The prime culprit in this story is a rather pretty mushroom with a pale greenish-gold cap and white underside, known scientifically as Amanita phalloides and more informally as the death cap. The mushroom’s native habitat sprawls across Europe and into North Africa (although it now exists in many other countries, including the United States, accidentally brought in with other imports). It is dismayingly similar to a number of edible species, such as the straw mushroom, and it is so deadly that scientists estimate that it takes only half a cap to kill an adult human. As history conjectures, the Greek poet and playwright Euripides lost his wife, two sons, and daughter to a dinner that included this particular mushroom. The death cap is also blamed in the suspected poisoning of Pope Clement VII and the accidental death of Emperor Charles VI.
Many historians believe that a stew of these mushrooms was probably the weapon used to murder the Roman Emperor Claudius in 54. Most also suspect that his death was engineered by his wife, Agrippina the Younger, so that her seventeen-year-old son Nero could become emperor. Also widely suspected at the time was the emperor’s taste-tester, Halotus. Despite that possibility—or perhaps because of it—Halotus went on to become Nero’s taste-tester as well.
It seems that history records only a few deaths of taste-testers, especially in Europe. The insistence of the well-born and powerful in hiring taste-testers speaks as much to paranoia as to real risks. Not that there weren’t other poisonous plotters. In Renaissance Italy, the notorious Borgia family was suspected of brewing up its own special poisons to eliminate their enemies. It was thought that the Spanish government sent a physician to England to poison Elizabeth I; the doctor, Rodrigo Lopez, was caught and executed on evidence so thin that even the queen doubted it. It was also widely reported that while staying at the Louvre, Henry IV of France refused to eat anything that he hadn’t cooked himself (eggs, mostly) or poured himself.
Perhaps the most powerful twentieth century ruler to use a taste-tester was China’s Mao Zedong; if his successors have followed in that practice, they haven’t boasted about it. It was announced, however, during the 2008 Olympic games in Beijing that white mice would be taste-testing food served to athletes, but this was mostly due to fears of poor food-handling practices and bacterial food contamination.
The focus on assassination, though, misses the point; most homicidal poisonings are everyday matters. History’s best-known poisoners, for the most part, aimed low rather than high. They mixed arsenic into oatmeal, aconitine into cake and curry, mercury into figs, and they served these toxic snacks to husbands and wives, lovers and mistresses, friends, family, and business partners, repeatedly demonstrating that deliberate poisoning of food is mostly a domestic affair. Consider the horrifying example of Mary Ann Cotton, a British arsenic killer born in 1832, who was suspected of killing around twenty people—including three husbands, one lover, and most of her own children—probably by mixing arsenic into their morning cereal or evening soup. Many of her adult victims had made wills or life-insurance policies in her favor. Her children, she complained, were simply inconvenient. Unfortunately for Cotton, she had discussed the inconvenient nature of her youngest stepson, Charles, with a public official who was shocked when the boy suddenly died. He began an investigation that discovered lethal levels of arsenic in the child and led authorities to explore the many deaths surrounding Cotton’s life over the previous fifteen to twenty years.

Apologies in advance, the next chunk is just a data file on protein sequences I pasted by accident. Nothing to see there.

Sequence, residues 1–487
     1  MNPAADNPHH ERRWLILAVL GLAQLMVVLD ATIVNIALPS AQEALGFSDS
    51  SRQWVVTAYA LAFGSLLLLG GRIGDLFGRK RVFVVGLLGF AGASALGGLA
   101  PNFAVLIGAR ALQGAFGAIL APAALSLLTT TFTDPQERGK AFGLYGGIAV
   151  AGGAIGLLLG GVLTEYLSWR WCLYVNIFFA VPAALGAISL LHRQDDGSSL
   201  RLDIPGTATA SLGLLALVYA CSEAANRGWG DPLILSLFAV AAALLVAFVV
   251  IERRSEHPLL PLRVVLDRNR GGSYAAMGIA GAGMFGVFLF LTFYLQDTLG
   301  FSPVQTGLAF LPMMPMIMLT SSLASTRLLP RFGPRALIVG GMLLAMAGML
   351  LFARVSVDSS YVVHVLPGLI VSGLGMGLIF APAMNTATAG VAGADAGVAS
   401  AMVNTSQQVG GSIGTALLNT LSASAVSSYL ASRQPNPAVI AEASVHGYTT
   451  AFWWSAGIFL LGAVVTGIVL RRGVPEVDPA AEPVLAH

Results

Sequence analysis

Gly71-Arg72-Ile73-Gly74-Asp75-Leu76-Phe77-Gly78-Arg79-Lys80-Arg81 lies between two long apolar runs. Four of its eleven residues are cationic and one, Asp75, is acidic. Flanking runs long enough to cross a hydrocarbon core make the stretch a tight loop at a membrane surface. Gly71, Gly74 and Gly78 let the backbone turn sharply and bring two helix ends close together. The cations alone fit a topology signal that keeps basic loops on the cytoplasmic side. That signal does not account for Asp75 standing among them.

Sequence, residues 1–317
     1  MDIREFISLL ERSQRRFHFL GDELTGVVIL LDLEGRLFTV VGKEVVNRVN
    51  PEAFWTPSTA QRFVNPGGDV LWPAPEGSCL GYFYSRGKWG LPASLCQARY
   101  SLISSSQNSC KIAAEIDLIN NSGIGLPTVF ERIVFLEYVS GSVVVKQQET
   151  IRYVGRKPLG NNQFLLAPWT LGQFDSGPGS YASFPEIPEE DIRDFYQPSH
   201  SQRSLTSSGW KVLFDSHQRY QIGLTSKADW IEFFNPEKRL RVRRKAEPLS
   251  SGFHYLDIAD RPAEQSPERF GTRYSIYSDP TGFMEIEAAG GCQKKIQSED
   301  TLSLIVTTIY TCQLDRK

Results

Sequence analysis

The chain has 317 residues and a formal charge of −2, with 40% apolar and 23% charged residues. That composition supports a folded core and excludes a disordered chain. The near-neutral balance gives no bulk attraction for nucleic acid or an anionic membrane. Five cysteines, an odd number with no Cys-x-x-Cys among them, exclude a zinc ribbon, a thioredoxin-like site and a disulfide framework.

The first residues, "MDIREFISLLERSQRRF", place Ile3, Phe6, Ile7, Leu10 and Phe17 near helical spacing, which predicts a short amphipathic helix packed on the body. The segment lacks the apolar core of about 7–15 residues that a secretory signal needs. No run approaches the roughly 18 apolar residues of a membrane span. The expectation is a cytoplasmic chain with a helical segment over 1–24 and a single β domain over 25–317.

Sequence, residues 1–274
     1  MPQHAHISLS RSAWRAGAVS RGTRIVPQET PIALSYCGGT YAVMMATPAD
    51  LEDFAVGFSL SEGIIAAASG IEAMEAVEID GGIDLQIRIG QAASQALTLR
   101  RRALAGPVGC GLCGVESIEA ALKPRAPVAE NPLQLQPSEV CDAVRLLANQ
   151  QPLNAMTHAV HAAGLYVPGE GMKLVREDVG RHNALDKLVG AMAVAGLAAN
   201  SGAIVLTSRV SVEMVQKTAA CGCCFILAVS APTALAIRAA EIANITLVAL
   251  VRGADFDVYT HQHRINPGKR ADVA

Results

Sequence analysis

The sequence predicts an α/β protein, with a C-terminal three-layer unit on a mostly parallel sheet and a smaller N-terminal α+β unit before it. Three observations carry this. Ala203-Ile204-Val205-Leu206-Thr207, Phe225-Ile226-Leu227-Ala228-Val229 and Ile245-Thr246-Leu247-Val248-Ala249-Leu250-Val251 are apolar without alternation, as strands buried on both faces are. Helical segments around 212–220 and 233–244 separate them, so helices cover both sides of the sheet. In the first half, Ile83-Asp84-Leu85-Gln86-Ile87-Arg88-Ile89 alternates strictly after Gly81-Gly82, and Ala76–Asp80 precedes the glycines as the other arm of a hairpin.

Mary Ann Cotton was convicted of murdering her son and hanged in 1873. The late nineteenth century heralded the end of what historians sometimes refer to as the golden age of poisoners. Up until the mid-1800s, scientists had no real test for arsenic in a human body, much less the myriad of other poisons available. Toxic substances were so easy to acquire and so poorly researched that many poison killers just assumed they wouldn’t be caught. Cotton’s execution—resting neatly on scientific evidence—was among many reminders that the world had changed. Scientists were catching up with poisoners and with the catalog of toxic compounds as well.